Apocalypse and the X-Tracts #2 // Review
Everything seems just a little goofy in The Age of X-Man. Everything seems just a little weird. The malevolent Apocalypse is a benevolent Professor X-like figure looking to tear down the illusions of fabricated reality. Apocalypse and his followers face an aggressive group of villains as echoes of the past fill-in a few holes in the backstory in the second issue of Apocalypse and the X-Tracts. Writer Tim Seeley crafts a story drawn by Salva Espin with color by Israel Silva. While the flashbacks do some work providing details about Apocalypse in the dystopian utopia of The Age of X-Man, they seem unnecessarily tacked-on to an issue that isn’t doing a whole heck of a lot else.
The issue opens in the past as an incarcerated Kitty Pryde is freed by an Apocalypse and his followers. Things jump around a bit from there, finally landing on a fight sequence in Kazakstan between followers of Apocalypse and a large group of villains dressed in black with gold trim. Somewhere on the edge of it all, the revolutionary figure of Omega Red lurks in the background looking to bring the disturbingly tidy order of everything crashing down.
Seeley has a solid grasp of where the story needs to go and why. It feels like the heart of it is missing, though, as the issue attempts to connect a few different aspects of other series in The Age of X-Man. It’s interesting to see Apocalypse as the hero, but the further and further the character is revealed, the more and more he comes across as being the timeline’s incarnation of Professor X. That’s cool and everything, but it lacks a sense of originality, There isn’t nearly enough keeping Apocalypse distinct sufficient to warrant an entire series for him and his followers in this issue.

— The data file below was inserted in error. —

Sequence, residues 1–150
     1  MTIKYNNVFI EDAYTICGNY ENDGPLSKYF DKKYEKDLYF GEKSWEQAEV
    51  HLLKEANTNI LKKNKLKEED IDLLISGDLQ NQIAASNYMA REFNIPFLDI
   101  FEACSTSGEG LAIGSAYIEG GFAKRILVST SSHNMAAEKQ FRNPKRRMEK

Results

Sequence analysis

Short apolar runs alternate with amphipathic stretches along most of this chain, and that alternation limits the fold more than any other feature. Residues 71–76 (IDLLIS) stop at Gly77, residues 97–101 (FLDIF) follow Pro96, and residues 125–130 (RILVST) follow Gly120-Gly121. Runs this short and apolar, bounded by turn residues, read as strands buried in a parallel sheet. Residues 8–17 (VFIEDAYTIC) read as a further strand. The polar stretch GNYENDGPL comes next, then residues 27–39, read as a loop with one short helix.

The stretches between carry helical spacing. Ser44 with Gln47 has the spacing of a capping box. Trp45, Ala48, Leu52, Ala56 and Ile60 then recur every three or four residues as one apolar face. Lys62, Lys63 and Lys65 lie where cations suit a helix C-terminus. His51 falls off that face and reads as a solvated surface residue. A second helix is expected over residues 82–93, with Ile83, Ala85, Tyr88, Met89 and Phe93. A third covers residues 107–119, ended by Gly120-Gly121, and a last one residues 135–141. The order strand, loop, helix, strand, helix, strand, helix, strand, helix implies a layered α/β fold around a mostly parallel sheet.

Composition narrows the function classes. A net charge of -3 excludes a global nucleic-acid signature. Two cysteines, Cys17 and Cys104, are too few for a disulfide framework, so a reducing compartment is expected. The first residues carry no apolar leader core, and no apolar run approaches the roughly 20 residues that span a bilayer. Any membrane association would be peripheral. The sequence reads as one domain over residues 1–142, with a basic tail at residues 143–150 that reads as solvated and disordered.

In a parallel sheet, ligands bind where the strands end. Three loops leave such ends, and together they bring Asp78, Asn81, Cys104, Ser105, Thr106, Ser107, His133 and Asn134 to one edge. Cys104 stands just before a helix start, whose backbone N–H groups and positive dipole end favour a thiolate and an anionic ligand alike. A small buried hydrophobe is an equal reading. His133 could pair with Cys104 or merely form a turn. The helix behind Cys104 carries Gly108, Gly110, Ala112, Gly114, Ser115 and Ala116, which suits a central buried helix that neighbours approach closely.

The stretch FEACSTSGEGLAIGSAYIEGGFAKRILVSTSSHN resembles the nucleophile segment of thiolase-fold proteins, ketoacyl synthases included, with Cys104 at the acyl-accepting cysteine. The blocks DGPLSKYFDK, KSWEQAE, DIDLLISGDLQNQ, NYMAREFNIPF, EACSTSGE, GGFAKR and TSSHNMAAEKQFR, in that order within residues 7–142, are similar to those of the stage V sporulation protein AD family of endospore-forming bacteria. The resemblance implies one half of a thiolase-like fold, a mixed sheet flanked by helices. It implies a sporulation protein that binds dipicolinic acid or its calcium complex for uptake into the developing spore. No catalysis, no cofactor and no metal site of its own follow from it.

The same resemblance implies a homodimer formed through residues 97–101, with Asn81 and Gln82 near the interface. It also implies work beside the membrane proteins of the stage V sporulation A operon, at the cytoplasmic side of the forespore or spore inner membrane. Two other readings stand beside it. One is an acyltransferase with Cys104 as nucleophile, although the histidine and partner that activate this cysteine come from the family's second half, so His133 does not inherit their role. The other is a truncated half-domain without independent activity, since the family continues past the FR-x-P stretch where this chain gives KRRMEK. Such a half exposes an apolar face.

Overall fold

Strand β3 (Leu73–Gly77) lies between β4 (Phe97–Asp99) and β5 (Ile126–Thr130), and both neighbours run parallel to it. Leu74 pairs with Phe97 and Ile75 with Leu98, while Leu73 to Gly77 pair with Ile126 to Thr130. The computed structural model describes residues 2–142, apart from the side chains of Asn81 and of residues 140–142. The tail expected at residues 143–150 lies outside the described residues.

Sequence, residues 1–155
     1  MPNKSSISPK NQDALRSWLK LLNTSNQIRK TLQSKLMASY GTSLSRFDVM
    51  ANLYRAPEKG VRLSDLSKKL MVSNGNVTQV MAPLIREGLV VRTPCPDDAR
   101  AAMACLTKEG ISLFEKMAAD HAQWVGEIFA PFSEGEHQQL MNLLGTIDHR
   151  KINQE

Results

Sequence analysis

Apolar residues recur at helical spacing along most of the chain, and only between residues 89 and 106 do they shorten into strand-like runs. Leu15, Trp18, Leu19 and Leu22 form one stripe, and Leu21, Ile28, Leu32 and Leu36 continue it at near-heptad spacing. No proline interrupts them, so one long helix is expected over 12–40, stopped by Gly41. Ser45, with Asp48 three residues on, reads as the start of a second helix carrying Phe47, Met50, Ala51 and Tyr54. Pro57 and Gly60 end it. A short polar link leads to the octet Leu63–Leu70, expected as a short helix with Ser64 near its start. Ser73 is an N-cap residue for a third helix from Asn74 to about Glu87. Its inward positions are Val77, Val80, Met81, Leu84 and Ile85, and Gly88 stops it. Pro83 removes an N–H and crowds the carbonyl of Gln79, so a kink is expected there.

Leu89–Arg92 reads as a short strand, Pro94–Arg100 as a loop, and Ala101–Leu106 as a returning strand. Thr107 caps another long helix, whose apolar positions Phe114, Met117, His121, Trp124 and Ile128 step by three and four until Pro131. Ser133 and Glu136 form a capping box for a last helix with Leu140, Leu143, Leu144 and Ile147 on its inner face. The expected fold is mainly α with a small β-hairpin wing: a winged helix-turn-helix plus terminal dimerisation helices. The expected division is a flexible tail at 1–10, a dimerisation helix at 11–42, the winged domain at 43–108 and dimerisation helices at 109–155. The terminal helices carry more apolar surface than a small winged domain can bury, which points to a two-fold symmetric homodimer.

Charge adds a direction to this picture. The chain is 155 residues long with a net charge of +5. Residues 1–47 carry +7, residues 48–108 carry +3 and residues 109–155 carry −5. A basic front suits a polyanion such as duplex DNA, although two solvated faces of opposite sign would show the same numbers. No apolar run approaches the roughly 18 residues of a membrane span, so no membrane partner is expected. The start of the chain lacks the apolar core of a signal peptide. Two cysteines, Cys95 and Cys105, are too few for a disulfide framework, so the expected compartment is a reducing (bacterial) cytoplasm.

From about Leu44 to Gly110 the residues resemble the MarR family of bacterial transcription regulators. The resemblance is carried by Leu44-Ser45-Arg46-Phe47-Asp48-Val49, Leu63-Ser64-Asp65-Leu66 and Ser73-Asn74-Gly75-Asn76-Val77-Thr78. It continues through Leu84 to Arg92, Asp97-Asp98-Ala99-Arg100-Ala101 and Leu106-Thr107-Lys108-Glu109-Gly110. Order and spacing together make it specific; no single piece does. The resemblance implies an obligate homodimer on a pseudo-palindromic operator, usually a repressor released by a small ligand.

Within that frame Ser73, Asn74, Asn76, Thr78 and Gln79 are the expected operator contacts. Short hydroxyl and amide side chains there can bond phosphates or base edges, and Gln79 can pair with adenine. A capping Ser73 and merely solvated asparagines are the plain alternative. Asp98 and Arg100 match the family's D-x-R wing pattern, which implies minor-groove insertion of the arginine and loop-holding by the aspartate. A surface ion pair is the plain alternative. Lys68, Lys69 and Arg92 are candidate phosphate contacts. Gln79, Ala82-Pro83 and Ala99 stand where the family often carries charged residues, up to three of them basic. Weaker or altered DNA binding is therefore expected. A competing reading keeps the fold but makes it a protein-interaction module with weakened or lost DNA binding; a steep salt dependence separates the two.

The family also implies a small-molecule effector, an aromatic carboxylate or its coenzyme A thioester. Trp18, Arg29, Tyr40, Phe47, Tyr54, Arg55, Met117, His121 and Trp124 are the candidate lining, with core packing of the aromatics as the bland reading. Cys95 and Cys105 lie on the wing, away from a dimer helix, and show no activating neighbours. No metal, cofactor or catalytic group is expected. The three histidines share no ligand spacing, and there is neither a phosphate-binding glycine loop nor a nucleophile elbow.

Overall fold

Espin’s work has an evident and pure quality to it that serves to cut some of the sometimes bewildering complexity of the issue. The artwork makes the slight echoes of the script and its dry exposition friendly, approachable and just a bit rubbery. The humanity of the characters might feel too cute and cartoony in places, but this series DOES have some strange bits of adorability about it. Dazzler is a beret-wearing hepcat. Apocalypse’s son looks like something out of the X-Babies, and even the menacing villains in Kazakhstan seem a little wacky. Espin’s smooth delivery of the action is given a bright and cuddly edge by colorist Israel Silva, who lowers some visual depth into the issue.
Seeley does an excellent job of pasting together an issue out of odd corners of plot that needed to come together in this issue, but it seems to lack enough cohesion to really feel like it has any place on its own outside of the massive machine that is The Age of X-Man. It’s doubtless that this series wasn’t placed where it was to be filler for the event, but any specific reason for the series to exist has yet to present itself.